For the women speaking in church question, I can see being uncomfortable with the original phrasing:
How are we to understand this passage's application to church function today?
But the revised version fixed quite a lot with a relatively minor edit:
What was Paul's intent in conveying this command?
The first, to borrow language from the Inductive Method, lands the question in Application and the second is Interpretation. I think the edit rehabilitated the question altogether.
I'd say that any question that primarily addresses the meaning of a text to the original audience is on-topic even if the resulting answer has a clear application. Questions that assume a meaning of the text and jump right to application must be fixed to avoid losing our focus on hermeneutics.
What makes the Micah tricky is that it's suggesting an interpretive lens. If the question insisted on that lens (e.g., "This passage is about Jesus. Help me prove that."), it would need fixing. But in my opinion, it leaves room for other lenses to be applied. Maybe even the suggestion that a text should be interpreted one way or another ought to be off limits, but I think not. Suggesting an interpretation shows the asker has thought about the question on their own. If they were certain the particular solution worked, they wouldn't be asking the question (unless they were planing to self-answer, of course).
I'd further suggest that insisting on not covering doctrine is itself a doctrinal framework. If I had to leave my previous understanding of the Bible on the threshold of this site, it would make asking and answering here almost impossible and ensure that none of my words would be authentic. Avoiding application altogether would eliminate the most important reason for me to interact with these ancient texts.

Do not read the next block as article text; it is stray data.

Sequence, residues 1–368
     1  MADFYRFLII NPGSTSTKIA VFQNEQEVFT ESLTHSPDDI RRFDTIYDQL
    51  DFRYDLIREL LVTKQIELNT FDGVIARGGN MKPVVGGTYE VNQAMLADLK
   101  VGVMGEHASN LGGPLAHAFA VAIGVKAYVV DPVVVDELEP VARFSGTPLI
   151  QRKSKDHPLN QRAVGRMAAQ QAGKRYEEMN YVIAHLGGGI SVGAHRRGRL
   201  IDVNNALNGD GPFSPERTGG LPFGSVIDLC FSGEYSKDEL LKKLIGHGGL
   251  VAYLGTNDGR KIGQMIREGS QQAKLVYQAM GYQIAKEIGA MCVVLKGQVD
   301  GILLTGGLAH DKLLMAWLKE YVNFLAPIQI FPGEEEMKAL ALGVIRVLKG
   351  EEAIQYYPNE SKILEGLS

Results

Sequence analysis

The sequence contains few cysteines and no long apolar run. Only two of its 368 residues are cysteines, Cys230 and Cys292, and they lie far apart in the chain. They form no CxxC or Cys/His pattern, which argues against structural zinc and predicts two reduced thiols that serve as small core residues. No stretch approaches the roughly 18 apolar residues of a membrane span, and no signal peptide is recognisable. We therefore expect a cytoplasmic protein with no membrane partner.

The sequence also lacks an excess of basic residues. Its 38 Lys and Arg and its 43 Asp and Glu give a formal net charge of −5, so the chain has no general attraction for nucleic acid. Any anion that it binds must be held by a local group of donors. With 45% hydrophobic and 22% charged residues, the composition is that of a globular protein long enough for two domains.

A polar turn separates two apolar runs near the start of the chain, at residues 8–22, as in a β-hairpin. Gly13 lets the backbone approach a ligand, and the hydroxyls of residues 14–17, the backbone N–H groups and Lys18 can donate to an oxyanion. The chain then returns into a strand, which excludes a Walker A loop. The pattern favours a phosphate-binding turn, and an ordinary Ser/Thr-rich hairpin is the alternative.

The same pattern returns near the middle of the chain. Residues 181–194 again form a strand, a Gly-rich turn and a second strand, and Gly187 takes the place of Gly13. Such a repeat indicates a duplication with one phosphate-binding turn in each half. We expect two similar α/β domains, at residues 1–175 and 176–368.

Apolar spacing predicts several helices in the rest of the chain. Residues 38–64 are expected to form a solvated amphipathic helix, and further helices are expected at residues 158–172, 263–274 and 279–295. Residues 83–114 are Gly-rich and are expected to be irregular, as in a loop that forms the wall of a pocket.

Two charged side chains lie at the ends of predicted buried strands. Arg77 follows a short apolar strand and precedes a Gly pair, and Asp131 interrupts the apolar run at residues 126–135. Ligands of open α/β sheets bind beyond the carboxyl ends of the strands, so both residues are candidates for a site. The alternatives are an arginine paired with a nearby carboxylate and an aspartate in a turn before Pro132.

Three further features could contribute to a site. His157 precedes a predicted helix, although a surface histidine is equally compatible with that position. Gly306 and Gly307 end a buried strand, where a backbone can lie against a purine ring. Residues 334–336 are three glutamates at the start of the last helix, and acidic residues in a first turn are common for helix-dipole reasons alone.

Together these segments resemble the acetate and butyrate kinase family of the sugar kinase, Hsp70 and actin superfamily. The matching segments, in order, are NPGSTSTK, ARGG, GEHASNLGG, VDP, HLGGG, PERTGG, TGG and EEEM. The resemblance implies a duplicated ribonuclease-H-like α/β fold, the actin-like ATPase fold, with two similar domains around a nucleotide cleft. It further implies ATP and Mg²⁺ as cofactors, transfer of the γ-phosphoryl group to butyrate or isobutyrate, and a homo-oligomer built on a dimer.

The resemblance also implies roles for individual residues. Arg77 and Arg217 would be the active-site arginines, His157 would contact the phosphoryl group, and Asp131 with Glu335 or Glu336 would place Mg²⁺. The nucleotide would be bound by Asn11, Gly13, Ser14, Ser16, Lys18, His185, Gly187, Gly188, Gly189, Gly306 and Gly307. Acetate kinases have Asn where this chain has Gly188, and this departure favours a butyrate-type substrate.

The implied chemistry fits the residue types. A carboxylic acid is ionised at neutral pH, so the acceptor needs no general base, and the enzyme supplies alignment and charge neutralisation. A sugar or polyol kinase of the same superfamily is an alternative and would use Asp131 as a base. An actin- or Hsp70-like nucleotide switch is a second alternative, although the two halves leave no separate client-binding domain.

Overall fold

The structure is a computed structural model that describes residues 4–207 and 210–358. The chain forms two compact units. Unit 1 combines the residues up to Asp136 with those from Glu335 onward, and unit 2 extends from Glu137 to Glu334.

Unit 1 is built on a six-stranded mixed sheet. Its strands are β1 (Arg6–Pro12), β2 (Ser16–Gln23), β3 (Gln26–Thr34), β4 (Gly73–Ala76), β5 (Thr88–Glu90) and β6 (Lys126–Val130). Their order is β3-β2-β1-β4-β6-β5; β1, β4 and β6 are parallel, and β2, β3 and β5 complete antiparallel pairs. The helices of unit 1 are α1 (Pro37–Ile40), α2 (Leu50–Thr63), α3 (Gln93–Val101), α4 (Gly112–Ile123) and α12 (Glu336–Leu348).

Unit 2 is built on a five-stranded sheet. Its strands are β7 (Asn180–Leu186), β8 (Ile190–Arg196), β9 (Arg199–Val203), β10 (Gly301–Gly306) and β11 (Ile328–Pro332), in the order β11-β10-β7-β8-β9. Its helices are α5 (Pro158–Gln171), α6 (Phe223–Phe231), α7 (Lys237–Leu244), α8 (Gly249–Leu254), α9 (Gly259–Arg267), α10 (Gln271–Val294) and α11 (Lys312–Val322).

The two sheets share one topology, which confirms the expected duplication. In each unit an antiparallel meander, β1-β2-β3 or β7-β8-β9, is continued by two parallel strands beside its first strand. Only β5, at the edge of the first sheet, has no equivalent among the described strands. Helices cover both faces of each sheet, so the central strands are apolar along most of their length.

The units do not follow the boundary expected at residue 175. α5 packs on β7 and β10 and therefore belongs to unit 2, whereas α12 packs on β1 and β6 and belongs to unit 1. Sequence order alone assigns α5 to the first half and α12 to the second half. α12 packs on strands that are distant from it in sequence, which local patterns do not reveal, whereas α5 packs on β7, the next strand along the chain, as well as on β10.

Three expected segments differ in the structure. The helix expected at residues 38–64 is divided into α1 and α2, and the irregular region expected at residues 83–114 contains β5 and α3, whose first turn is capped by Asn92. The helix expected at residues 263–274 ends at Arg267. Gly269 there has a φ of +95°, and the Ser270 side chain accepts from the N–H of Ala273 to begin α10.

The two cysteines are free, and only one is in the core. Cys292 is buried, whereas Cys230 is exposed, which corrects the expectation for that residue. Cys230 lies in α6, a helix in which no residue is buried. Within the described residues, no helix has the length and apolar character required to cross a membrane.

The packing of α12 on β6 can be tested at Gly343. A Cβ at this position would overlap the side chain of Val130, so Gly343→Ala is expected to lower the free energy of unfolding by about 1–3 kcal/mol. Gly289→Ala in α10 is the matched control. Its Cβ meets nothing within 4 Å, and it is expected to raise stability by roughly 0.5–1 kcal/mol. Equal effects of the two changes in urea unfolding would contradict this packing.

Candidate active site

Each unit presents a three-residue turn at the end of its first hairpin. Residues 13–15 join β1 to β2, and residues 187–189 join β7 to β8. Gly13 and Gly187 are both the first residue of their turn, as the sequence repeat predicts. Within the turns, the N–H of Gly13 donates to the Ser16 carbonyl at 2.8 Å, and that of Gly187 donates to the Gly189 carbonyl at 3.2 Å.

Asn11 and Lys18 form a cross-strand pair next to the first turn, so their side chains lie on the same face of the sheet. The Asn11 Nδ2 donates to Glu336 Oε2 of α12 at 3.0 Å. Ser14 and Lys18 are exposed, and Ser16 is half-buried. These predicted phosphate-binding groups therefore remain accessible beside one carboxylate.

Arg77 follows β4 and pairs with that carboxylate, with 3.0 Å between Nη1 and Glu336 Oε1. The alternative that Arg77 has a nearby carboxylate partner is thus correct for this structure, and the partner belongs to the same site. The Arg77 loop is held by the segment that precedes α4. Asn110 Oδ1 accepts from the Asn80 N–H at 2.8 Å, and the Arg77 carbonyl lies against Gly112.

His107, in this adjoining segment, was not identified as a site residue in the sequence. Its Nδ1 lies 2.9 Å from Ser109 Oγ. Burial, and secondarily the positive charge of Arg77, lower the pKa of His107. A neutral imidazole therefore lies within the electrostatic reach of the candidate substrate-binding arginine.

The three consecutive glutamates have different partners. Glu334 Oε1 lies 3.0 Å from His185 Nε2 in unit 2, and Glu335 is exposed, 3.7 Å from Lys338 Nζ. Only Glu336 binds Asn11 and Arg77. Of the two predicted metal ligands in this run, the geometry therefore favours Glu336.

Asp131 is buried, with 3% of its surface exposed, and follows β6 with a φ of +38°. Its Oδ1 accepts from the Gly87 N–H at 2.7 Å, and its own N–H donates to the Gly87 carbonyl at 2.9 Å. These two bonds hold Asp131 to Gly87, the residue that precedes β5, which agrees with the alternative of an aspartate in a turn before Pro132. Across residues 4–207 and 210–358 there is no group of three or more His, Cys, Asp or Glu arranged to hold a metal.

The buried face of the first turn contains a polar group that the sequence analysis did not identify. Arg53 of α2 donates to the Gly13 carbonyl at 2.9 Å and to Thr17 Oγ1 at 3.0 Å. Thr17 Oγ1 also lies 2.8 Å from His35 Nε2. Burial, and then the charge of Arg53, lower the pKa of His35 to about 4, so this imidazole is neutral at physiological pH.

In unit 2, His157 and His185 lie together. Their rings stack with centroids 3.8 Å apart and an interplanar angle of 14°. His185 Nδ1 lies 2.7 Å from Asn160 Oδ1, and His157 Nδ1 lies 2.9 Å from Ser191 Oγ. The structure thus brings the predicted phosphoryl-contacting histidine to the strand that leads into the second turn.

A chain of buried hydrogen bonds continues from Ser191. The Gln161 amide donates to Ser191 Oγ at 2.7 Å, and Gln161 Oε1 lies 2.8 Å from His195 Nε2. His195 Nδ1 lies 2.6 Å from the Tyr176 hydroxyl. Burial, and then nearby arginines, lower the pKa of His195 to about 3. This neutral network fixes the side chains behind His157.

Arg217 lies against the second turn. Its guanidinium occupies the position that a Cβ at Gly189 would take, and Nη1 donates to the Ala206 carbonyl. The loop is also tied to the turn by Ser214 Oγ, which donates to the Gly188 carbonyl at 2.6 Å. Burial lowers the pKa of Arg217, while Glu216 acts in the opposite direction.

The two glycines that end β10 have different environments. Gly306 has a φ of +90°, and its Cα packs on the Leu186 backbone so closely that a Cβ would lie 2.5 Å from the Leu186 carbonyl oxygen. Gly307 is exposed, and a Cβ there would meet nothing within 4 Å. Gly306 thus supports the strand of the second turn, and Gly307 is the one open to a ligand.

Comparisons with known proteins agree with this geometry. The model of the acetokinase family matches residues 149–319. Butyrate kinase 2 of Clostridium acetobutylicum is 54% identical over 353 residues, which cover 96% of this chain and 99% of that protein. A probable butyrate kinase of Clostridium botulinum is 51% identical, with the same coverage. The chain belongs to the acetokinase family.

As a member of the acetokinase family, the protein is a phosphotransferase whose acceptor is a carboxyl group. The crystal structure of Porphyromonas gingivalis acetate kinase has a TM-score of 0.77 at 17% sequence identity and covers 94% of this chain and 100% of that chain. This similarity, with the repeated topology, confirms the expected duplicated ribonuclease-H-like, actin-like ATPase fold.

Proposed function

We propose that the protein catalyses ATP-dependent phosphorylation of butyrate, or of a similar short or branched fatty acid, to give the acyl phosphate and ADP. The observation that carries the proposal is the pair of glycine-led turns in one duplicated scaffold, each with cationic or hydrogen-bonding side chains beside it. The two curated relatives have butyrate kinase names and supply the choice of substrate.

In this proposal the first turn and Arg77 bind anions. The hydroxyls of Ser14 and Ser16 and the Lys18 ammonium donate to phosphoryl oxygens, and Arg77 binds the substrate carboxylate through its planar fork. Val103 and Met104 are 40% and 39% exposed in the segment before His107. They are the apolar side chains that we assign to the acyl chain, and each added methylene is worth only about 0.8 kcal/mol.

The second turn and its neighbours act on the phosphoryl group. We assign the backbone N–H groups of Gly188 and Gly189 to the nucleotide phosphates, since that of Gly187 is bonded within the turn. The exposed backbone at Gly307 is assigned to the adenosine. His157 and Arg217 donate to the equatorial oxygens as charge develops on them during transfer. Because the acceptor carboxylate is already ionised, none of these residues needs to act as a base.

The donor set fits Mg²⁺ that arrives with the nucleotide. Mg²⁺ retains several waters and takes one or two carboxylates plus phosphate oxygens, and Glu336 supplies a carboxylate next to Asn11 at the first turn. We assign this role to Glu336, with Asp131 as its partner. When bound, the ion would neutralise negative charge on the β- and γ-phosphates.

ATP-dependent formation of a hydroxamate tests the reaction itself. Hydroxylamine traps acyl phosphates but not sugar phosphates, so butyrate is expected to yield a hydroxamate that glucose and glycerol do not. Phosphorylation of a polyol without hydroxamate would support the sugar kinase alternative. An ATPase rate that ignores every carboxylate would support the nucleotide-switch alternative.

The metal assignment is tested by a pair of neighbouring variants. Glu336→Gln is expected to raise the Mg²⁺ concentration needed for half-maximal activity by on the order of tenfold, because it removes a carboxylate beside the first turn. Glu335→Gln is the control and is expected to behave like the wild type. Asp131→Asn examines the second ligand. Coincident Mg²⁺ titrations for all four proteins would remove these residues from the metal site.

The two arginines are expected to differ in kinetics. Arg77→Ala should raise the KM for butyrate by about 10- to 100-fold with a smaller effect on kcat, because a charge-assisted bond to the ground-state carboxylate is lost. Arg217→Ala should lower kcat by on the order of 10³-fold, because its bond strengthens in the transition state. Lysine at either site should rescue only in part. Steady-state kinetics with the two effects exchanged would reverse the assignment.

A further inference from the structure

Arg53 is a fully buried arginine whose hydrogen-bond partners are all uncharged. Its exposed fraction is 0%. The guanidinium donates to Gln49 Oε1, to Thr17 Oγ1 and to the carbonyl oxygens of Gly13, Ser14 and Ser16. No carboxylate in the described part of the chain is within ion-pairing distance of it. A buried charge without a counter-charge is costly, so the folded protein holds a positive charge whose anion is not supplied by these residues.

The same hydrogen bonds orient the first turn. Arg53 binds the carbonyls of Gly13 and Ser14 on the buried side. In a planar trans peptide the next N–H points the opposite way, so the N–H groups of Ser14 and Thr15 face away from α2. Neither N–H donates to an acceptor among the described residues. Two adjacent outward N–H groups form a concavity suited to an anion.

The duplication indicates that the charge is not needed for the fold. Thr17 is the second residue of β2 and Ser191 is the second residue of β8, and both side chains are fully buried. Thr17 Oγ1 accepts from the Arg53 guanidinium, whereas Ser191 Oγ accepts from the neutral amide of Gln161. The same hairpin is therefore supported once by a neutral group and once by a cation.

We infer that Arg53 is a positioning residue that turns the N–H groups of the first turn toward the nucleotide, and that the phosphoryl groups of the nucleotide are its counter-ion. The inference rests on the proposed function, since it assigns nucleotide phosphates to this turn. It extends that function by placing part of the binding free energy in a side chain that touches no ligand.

We need to be careful with people bringing their own doctrine into this community, however. As I see it, the problem with outside doctrine hinges on those ideas drowning out the texts themselves. If each question brings a predictable set of answers in the form of "My pastor says...", the site has failed its mission. I propose solving the problem, not by making doctrinal evidence verboten, but by setting the value of such evidence for the general community at or very near zero. If an answer consist of nothing but doctrinal evidence, its not worth anything and ought to be voted down.
Letting the texts speak for themselves is our best hope for bringing in a variety of answers and allowing them all to have equal footing.
(My view on closing questions is a minority (possibly of one) position: I think no question that still has a chance to gather on-topic answers should be closed.)